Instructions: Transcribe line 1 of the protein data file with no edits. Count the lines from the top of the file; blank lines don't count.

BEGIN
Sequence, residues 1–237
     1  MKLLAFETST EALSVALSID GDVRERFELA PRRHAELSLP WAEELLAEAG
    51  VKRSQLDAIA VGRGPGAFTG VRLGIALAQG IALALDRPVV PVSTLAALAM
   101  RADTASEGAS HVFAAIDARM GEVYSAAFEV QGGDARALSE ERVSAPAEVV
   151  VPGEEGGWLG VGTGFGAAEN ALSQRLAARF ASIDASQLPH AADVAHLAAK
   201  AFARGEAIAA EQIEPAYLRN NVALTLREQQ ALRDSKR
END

Sequence, residues 1–237